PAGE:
Increasing Participation Means Changing Behavior

What can be learned from behavioral science?

Published in: GIA Reader, Vol 12, No 1 (Winter 2001)

Thomas E. Backer

The following paper was written in conjunction with two meetings sponsored by the Wallace-Reader's Digest Fund and co-sponsored by the Heinz Endowments and the Walter and Elise Haas Fund.

It may seem obvious, but if you aim to increase participation in the arts then behavior has to change. If the focus is increasing attendance at arts events, then the people whose behavior has to change include arts organization staff, artists, and people in the community. If you want success over time, these people have to change their behavior in relatively enduring ways. In my remarks, I'm going to concentrate on people in the community — in this case, the audience or potential audience or former audience for organized arts activities.

As a behavioral scientist, I know that if you want to change people's behavior in a strategic way and have maximum impact, you need to know four things:
• whose behavior you want to change,
• what behavior you want to change,
• how you can change the behavior, and
• how you'll know you've succeeded in changing the behavior.

Modern commercial marketing methods answer these four questions in rather precise ways, and integrate them into coherent strategies through such approaches as “relationship marketing,” which extends marketing strategy over time, and “whole-person marketing,” which extends the marketing relationship over a variety of products and services people can buy. However, all too often in nonprofit arts marketing, the answers aren't as precise or well-integrated as these commercial examples.

You want people to buy more tickets. But what kinds of behavior by what types of people really have to change if more tickets are to be sold? A simple example comes from the recent study of California arts consumers by AMS Research, showing that 54 percent of respondents were more likely to accept someone else's invitation than they were to initiate an arts outing on their own. To increase ticket sales, you have to know this, and you have to know just who are the “influential minority” doing the inviting, and what circumstances motivate them to invite.

Once you know whose behavior you want to change in what ways, the next step is to devise a strategy for doing so. Often arts organizations apply a methodology they've heard has worked elsewhere — an earlier curtain time, a cocktail hour for young professionals — without really understanding either what behavior is being changed or how it is happening.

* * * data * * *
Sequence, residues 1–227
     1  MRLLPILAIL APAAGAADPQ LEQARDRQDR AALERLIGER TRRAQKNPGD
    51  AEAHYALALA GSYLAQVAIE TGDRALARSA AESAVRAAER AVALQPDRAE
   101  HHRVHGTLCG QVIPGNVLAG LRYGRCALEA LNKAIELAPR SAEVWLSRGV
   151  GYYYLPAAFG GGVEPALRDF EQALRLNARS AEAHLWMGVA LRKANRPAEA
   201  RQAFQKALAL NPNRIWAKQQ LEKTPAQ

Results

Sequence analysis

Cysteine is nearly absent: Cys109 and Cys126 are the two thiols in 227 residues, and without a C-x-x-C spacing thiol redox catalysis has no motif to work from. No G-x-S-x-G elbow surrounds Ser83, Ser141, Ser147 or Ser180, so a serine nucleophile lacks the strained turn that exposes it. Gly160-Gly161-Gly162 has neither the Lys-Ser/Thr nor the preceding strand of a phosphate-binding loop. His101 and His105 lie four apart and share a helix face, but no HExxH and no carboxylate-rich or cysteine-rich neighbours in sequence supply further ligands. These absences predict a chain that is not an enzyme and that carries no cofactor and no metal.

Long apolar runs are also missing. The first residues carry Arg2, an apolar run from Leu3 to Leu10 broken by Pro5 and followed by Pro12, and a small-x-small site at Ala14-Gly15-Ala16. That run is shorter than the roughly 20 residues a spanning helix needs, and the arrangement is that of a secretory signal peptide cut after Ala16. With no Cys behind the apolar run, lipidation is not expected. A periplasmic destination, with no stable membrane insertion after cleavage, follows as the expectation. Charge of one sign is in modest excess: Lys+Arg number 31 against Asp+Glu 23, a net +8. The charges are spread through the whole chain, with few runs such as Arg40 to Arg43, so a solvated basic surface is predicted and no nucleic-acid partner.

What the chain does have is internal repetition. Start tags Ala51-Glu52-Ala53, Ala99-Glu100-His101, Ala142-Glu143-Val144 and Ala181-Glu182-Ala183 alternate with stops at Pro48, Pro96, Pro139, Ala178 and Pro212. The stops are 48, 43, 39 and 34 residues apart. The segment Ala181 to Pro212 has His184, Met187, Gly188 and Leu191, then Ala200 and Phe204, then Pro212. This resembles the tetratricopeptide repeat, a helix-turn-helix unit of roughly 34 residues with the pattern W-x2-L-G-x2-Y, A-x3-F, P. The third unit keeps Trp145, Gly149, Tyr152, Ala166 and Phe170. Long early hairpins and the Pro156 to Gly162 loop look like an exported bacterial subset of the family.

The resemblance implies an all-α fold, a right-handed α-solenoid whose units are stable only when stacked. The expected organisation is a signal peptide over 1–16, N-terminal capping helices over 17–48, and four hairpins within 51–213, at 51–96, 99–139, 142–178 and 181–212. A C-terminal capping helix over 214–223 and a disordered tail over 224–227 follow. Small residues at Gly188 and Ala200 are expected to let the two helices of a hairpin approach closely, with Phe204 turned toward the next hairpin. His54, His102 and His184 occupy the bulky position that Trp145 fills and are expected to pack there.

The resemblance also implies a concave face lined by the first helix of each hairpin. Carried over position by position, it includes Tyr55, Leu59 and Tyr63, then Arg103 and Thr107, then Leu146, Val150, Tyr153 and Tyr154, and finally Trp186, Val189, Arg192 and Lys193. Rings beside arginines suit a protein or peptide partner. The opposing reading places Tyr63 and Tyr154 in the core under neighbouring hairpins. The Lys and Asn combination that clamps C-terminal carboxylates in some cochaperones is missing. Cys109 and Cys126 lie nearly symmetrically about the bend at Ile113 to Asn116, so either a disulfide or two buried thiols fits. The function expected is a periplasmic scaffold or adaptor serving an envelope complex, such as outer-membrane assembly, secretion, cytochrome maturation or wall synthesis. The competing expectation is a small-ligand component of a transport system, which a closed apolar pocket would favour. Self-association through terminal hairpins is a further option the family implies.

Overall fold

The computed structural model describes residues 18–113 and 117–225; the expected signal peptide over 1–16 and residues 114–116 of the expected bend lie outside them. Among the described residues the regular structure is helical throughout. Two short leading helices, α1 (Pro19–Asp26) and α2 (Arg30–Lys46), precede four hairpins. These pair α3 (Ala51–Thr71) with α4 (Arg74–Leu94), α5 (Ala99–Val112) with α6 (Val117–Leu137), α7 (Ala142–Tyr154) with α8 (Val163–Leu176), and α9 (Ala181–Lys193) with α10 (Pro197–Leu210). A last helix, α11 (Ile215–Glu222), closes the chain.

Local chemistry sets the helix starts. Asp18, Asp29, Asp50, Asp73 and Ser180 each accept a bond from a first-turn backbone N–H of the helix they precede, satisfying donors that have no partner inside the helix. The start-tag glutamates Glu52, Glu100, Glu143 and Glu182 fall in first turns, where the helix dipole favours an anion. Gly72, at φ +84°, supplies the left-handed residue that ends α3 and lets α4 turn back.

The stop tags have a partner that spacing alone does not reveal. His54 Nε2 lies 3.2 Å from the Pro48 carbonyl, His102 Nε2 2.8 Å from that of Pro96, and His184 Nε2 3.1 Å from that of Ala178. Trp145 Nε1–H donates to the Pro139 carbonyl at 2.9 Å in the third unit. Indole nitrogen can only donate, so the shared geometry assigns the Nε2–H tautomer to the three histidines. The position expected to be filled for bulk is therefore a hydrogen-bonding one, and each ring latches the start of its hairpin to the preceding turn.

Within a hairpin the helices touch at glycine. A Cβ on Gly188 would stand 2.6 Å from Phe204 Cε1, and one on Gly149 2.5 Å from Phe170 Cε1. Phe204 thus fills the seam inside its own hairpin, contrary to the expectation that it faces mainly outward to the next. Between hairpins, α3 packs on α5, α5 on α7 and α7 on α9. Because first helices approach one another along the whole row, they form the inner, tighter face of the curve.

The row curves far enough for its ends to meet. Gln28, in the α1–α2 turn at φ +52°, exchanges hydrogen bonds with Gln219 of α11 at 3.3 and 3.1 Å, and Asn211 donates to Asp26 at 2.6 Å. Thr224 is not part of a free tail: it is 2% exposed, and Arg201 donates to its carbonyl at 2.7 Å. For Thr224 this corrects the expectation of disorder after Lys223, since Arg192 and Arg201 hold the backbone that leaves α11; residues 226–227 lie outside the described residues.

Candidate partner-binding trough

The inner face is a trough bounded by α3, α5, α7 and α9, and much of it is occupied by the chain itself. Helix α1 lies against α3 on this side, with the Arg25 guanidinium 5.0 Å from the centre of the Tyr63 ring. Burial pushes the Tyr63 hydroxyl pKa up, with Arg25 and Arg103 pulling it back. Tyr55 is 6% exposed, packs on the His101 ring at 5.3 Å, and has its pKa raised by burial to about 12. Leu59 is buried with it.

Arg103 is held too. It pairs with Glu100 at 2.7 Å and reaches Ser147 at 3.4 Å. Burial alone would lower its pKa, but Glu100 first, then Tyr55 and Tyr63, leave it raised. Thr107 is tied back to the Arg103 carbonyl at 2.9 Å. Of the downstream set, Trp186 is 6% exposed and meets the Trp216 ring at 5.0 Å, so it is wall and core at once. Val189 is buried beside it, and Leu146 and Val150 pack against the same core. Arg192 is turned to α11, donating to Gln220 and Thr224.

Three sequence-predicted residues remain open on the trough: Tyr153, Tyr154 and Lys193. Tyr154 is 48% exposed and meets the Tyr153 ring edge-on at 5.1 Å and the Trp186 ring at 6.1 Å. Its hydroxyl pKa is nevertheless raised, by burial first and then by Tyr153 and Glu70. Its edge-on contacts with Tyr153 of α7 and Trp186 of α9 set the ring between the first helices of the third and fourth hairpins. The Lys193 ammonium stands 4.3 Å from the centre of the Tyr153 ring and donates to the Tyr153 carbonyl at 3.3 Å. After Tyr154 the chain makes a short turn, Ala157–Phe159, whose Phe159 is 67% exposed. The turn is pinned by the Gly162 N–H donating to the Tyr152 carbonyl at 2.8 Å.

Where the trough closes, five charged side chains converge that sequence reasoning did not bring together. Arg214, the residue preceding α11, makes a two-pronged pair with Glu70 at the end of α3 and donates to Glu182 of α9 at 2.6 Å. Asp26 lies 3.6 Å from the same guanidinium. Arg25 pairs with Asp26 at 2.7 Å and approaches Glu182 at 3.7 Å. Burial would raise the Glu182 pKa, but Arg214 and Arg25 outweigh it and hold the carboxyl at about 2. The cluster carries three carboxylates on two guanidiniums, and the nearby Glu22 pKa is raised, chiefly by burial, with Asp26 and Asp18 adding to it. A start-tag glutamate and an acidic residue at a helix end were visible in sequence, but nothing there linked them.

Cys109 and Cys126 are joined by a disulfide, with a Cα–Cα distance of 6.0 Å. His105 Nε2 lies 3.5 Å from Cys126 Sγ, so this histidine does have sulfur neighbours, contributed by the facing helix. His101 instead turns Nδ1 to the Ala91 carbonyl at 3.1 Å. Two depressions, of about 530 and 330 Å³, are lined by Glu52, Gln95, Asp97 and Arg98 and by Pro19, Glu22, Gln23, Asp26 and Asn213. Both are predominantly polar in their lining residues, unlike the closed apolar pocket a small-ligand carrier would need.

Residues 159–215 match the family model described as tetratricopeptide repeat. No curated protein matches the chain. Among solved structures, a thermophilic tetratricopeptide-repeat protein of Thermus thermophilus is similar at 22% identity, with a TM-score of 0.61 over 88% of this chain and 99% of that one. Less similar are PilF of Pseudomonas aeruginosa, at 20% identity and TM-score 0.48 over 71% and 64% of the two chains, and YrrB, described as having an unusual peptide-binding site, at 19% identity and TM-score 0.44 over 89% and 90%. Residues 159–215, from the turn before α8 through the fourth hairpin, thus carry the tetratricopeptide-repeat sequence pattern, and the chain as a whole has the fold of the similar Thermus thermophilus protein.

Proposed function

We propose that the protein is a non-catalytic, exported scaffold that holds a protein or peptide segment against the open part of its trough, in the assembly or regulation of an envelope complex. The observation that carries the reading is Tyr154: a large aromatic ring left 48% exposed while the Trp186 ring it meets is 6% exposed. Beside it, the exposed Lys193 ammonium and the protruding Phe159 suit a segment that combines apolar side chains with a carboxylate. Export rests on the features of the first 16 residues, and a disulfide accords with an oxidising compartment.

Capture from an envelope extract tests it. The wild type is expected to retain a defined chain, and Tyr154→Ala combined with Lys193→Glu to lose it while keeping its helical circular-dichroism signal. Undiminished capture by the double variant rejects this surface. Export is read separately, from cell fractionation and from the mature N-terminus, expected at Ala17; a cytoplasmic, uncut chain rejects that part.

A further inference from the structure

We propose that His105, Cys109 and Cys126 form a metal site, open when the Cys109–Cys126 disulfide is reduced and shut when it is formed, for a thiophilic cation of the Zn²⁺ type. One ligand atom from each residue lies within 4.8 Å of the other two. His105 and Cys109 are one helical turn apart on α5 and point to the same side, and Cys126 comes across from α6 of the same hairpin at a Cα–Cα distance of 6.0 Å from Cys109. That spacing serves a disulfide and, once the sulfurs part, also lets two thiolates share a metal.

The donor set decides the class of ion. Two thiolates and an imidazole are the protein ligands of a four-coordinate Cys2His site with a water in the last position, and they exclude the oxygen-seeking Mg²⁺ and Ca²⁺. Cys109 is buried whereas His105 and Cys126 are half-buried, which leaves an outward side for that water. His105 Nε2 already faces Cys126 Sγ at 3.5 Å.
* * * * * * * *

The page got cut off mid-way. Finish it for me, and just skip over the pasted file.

Finally, you also need to know if the behavior-changing strategy has succeeded. While tracking ticket sales and attendance figures is one valid way to find out, if you are trying to change behavior in enduring ways you need to know more. Are people thinking differently and are they behaving differently in ways that will last?

So, what can you learn from behavioral science? Over the years, behavioral psychologists have labored over just such questions.

Imagine a cabal of psychologists, gathered for days in a darkened room. They debate endlessly about what principles have been learned from scientific research and theory about how to change behavior. After much yelling and screaming and the tossing about of many theoretical principles, academic credentials, and well-worn psychology textbooks, the cabal comes up with eight principles that represent the “state of the science.” Like medieval alchemy, more than one hundred years of behavioral science research has been magically distilled down into eight principles about how to change behavior.

While I'm exaggerating about the cabal, the darkened room, and maybe a little about the endless debate and yelling and screaming, what I'm describing actually happened in 1992. Some of the most famous psychologists in the world, people whose works I've been reading since I was a freshman psychology student in 1966, gathered under the auspices of the National Institute of Mental Health for the “Theorist's Workshop,” as it was called, and they did indeed come up with eight principles for behavior change that come from thousands of behavioral science studies.